The smell of soap in the morning is to me the smell of comfort and mother's love.
This lovely smell came to me when I was just a child. Mother loved washing clothes when the tide came up to our landing on the staircase to our house in Hua Hong Facotry. And she would swish and swash, push and pat the clothes on the wooden washing board. She would have the oval metal washing basin (those memorable ones which doubled as baby baths) filled with water and clothes already soaped with Causeway soap.
When I grew older and visited grandmother down river, all my aunts and cousins would be washing their clothes on the jetty in the evenings. The jetty would be full of women washing clothes and children jumping into the river for the evening bath. It was a real riot of happiness and family bonding. It was a wonderful time for us girls and older aunts to gossip and learn of the latest news, the latest songs and even the latest movies.
Soaps came in two forms. The whole block of Causeway Brand soap which my grandmother would cut up and dry on the Foochow stove. These cut up ,handsized pieces of soap would be used for washing of clothes, as well as for bathing. This was of course the time before Lux Soap make its way into the frugal Foochow market of Sibu. The smoked pieces of soap lasted a long time. Whatever clothes which were rubbed with the soap seemed to smell wonderful and clean.
I still remember that lingering smell in my mind. And today, I wish I could buy another crate of these lovely block soaps and distribute them amongst my cousins to remind them of our wonderful childhood by the Rejang River.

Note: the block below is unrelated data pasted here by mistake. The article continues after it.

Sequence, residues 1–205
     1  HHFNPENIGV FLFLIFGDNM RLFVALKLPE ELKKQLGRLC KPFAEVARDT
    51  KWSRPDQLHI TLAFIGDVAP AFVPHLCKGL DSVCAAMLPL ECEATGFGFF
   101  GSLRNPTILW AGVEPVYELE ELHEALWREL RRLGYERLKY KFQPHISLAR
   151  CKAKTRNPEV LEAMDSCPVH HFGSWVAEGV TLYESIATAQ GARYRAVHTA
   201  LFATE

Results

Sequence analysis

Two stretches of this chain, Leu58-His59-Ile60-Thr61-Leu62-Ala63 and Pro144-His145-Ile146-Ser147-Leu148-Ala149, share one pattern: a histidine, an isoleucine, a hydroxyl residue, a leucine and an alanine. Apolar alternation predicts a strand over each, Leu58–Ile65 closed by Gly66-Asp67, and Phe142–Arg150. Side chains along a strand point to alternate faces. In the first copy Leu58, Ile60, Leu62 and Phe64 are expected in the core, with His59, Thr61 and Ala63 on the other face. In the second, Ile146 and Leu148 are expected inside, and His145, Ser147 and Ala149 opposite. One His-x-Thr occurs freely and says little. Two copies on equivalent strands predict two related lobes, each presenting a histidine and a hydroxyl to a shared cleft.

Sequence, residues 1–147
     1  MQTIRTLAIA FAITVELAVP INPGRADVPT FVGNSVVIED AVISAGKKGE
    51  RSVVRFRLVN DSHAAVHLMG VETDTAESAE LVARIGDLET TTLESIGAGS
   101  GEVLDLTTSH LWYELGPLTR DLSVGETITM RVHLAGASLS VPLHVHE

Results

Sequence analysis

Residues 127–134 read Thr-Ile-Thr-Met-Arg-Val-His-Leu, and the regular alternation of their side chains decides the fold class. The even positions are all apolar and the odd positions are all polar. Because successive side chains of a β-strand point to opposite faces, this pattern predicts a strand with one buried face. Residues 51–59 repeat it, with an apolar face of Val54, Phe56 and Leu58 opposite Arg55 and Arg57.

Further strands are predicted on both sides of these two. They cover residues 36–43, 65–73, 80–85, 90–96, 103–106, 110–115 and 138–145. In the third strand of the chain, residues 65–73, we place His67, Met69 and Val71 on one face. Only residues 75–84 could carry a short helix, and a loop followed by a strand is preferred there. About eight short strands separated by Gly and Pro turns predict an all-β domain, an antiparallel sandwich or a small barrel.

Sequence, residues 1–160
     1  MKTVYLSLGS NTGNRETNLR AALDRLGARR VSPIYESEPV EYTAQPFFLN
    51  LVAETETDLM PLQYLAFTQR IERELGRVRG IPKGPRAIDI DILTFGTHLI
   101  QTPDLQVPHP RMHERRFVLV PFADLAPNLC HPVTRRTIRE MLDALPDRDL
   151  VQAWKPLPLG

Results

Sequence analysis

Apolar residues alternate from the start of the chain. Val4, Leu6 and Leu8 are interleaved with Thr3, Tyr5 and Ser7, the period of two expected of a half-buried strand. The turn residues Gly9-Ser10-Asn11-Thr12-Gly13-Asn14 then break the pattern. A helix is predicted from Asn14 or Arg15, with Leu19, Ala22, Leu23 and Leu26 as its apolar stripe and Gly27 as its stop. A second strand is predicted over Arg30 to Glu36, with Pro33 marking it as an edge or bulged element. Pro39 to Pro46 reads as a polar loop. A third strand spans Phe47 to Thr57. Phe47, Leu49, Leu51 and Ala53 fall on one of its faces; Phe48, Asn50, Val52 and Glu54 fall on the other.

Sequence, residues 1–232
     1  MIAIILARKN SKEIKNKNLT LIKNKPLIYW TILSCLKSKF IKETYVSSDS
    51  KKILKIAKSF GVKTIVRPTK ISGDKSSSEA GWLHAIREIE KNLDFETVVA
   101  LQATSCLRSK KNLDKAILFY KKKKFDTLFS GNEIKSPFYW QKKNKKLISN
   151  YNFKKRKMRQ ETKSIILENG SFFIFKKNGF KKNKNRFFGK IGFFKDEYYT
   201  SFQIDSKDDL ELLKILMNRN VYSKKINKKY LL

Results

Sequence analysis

And besides the rough block soap, I remember the other brand of soap which was pricier and perhaps used by people in the town of Sibu in the 50's before Unilever started manufacturing soap in the then Malaya.
Here's a short write up on the Fan Soap. Perhaps some of you readers have mothers who used them.
The label shown here is from a bar of translucent, yellowish Fan Laundry Soap. I have discovered that it is still made in Shanghai, China with old-time quality and vintage packaging.
The original primary purpose of Fan Laundry Soap was for washing laundry. In the old days, before the advent of liquid or even powdered detergents, folks kept a bar of laundry soap on hand alongside an old-fashioned grater, and they hand-grated up just the right amount of soap for each load of laundry.
Laundry soaps contain a higher proportion of lye than fine soaps do, which makes them well-suited to getting rid of germs, dirt, and foul odors. To cover their tough, "soapy" scent, they may be (but are not always) strongly perfumed. Fan Laundry Soap comes out of this old-fashioned tradition of soap-making, and the scent used to perfume it is a Lemongrass and lemon fragrance.
After the independence of Malaya in 1958, different kinds of detergents were introduced to Malaya, Sarawak and Sabah. And as Singapore grew in economic power, Sarawak also benefitted in many ways, especially in the availability of household items. Living standards continue to rise and life style improved.
Tuesday, February 05, 2008
Memoir by I Am Sarawakiana at 5:43 AM